Rumours continue to circulate about sweet deals that Public Foreshore Seabed Minister Christopher Finlayson is doing in secret with coastal iwi, especially in Northland on Ninety Mile Beach, one of our most iconic beaches.
The Coastal Coalition was set up in May 2010 to support public (ie Crown) ownership of New Zealand’s foreshore and seabed, for all New Zealanders. But John Key with Maori Party support, passed the Marine and Coastal Area (MCA) Act last April. This removes Crown ownership, and allows iwi Customary Marine Title, in spite of 90 percent of public submissions opposing it. This was even though Key had said that, if there wasn’t broad agreement, the legislation would not proceed. It’s a pity many people back then considered him honourable, and took him at his word.
By May 2011, many iwi were talking loudly of claiming their foreshore and seabed. The Coastal Coalition asked under the Official Information Act, for the areas that tribal groups were claiming. Three iwi had lodged claims – Te Raroa – the lower half of Ninety Mile Beach and the coast from Ahipara to Hokianga Harbour, including Herekino and Wangape harbours, and the northern side of the Hokianga Ngati Porou ki Hauraki – Kennedy Bay south past Whangamata, east Coromandel Ngati Pahauwera – claims in coastal northern Hawke’s Bay
This immediately led the Minister Chris Finlayson, the architect of the Act, to discourage the likely flood of claims, saying no claims would be dealt with before the November Election. The gold-rush of iwi claims temporarily stopped.
However, there are twelve claims from the 2004 Act, which are being taken through the High Court. These include Ngati Porou’s claims to East Coast foreshore and seabed, including wahi tapu. We are still seeking information through the Official Information Act, as to all the claims that have now been lodged.
In July 2011 the Coastal Coalition launched a Citizens’ Initiated Referendum (CIR) to repeal the racist MCA Act, and return our foreshore and seabed to full public (Crown) ownership. The first step of this CIR, is to collect the signatures of voters, who oppose the Act. If over 10percent of voters sign by July, then a national referendum will be held, so the public can show its preference.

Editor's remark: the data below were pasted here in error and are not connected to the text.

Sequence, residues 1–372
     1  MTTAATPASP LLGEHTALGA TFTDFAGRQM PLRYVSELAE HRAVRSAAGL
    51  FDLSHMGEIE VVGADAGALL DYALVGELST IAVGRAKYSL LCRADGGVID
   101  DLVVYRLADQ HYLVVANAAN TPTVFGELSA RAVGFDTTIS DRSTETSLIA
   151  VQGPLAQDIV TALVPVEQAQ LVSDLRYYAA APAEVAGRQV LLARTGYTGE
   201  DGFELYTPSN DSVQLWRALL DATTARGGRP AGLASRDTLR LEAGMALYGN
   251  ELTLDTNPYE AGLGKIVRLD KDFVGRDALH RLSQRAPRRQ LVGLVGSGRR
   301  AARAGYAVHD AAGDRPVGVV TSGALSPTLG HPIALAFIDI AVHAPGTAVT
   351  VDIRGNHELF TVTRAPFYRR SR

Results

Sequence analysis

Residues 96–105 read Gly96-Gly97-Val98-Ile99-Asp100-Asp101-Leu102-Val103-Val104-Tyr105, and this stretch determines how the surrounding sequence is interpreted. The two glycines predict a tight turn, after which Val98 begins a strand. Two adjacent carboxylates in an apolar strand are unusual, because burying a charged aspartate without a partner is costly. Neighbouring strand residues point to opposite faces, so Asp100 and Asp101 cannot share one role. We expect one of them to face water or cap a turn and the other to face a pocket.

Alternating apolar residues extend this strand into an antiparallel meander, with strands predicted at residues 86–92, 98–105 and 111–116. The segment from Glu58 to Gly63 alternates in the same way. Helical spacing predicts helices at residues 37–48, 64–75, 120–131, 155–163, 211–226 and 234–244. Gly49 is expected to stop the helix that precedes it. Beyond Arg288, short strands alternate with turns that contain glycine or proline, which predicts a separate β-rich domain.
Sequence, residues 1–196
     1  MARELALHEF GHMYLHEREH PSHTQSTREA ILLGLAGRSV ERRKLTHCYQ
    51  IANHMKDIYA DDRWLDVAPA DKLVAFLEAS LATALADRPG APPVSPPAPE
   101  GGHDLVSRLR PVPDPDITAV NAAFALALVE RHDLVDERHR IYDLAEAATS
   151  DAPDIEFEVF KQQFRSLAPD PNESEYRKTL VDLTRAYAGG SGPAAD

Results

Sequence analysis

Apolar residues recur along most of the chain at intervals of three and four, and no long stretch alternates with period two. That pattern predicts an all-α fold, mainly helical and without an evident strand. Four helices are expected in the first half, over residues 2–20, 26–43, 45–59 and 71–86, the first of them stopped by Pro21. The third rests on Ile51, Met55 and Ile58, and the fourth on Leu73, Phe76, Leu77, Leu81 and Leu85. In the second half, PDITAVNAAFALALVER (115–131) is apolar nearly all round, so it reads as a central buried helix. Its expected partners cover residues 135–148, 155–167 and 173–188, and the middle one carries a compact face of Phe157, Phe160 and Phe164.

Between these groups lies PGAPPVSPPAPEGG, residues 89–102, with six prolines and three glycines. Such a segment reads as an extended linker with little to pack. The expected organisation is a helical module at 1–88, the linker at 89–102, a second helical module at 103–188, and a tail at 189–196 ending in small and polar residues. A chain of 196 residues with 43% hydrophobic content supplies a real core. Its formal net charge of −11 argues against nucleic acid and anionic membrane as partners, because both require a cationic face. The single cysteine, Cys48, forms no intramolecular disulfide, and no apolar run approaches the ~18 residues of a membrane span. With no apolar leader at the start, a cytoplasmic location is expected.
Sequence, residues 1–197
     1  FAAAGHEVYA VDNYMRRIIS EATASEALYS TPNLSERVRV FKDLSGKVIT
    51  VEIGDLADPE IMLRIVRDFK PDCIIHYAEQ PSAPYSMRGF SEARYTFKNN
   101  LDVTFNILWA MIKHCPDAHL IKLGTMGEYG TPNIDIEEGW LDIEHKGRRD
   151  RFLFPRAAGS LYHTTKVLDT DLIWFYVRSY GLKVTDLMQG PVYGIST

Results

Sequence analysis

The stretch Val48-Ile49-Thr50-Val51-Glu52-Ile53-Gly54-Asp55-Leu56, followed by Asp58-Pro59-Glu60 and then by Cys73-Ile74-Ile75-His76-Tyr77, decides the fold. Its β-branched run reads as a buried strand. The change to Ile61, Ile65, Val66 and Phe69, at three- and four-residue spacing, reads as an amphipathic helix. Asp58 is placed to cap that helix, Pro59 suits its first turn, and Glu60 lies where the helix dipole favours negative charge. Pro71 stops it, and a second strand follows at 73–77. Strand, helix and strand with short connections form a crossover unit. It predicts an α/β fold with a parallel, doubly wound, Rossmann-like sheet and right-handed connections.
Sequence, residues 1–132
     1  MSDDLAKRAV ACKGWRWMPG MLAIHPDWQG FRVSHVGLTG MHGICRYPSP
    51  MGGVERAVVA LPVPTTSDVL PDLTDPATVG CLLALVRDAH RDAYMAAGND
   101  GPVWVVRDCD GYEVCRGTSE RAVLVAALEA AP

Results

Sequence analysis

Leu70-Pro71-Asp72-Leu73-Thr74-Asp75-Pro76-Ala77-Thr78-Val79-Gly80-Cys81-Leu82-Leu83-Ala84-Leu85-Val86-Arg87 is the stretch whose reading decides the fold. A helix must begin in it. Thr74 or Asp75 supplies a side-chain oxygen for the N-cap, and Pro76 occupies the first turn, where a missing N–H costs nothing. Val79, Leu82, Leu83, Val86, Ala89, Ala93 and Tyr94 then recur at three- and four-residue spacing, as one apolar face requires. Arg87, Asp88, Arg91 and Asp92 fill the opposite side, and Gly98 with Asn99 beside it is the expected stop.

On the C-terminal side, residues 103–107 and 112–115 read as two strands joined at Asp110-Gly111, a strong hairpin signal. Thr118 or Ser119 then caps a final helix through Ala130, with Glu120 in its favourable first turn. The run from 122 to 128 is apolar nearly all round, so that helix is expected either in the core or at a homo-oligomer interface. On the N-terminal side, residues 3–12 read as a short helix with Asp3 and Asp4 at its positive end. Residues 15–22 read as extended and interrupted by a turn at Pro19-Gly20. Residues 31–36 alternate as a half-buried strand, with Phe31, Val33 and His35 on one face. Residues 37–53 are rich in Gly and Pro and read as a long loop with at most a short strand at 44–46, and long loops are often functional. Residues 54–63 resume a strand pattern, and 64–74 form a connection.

All voters who oppose this unjust Act, should urgently sign the CIR Petition, and encourage others to do so.
The public have not fully recognised the seriousness of the MCA Act. It covers a very large area, the whole of the territorial sea, namely out to 22 km from the nearest shore. This sea area equals 35 percent of New Zealand’s land area, and covers an enormous 105,000 square km.
Customary Marine Title will give exclusive rights to successful tribal claimants to set up wahi tapu – areas where the public is forbidden from going, and can be convicted and fined up to $5,000 if they do. The tribe is allowed to appoint its own wardens to patrol these areas. As well, fisheries officers will patrol them and will prosecute any people not authorised by the tribe to fish there. Wahi tapu are being discussed on Ninety Mile Beach, to at least cover shellfish beds and good fishing spots.
As well the iwi owners gain sole rights to control aquaculture, minerals and most facilities in their customary title area. They can impose additional iwi charges for using such facilities.
Taking ownership away from the public is equally disadvantageous for Maori. Where coasts are privatised, Maori that are not in the privatising tribal group, will also be excluded from wahi tapu areas, just as non-Maori New Zealanders will be. Maori Supremacists see this law as the first step to them owning all of the foreshore and seabed.
Until this National Party Act, last year, the Foreshore and Seabed had been publicly owned since 1840. British law from 1840 on, prohibited cannibalism, and slavery, two activities prevalent with tribes prior to 1840, as well as establishing Crown (public) ownership of the Territorial Sea. No other democratic country has laws that privatise its foreshore and seabed, and most look on it as being a. public commons owned by all, with everyone responsible for it.
The process for Government giving away Customary Marine Title, called “by agreement” is an entirely secret political deal, that does not require any cross-examined proof. All other interested parties such as Councils, commercial and recreational groups or the public, are locked out. Once Government agrees and signs a deal, it will be rubber-stamped by the farcical process of an Act of Parliament, by National’s majority, without any changes. An alternative approach is via the High Court. But this requires proof of relatively continuous occupation since 1840. So iwi do not favour it.
Given these dictatorial National Government processes for racially privatising our previously public foreshore and seabed, I urge you to sign the Coastal Coalition’s petition to scrap this unjust, divisive and racist Act.
The CIR Petition states: Should the Marine Coastal Area (Takutai Moana) Act 2011 be replaced by legislation that restores Crown ownership of the foreshore and seabed?. Please encourage others to sign it too as soon as possible. Download copies of the Petition at www.CoastalCoalition.co.nz.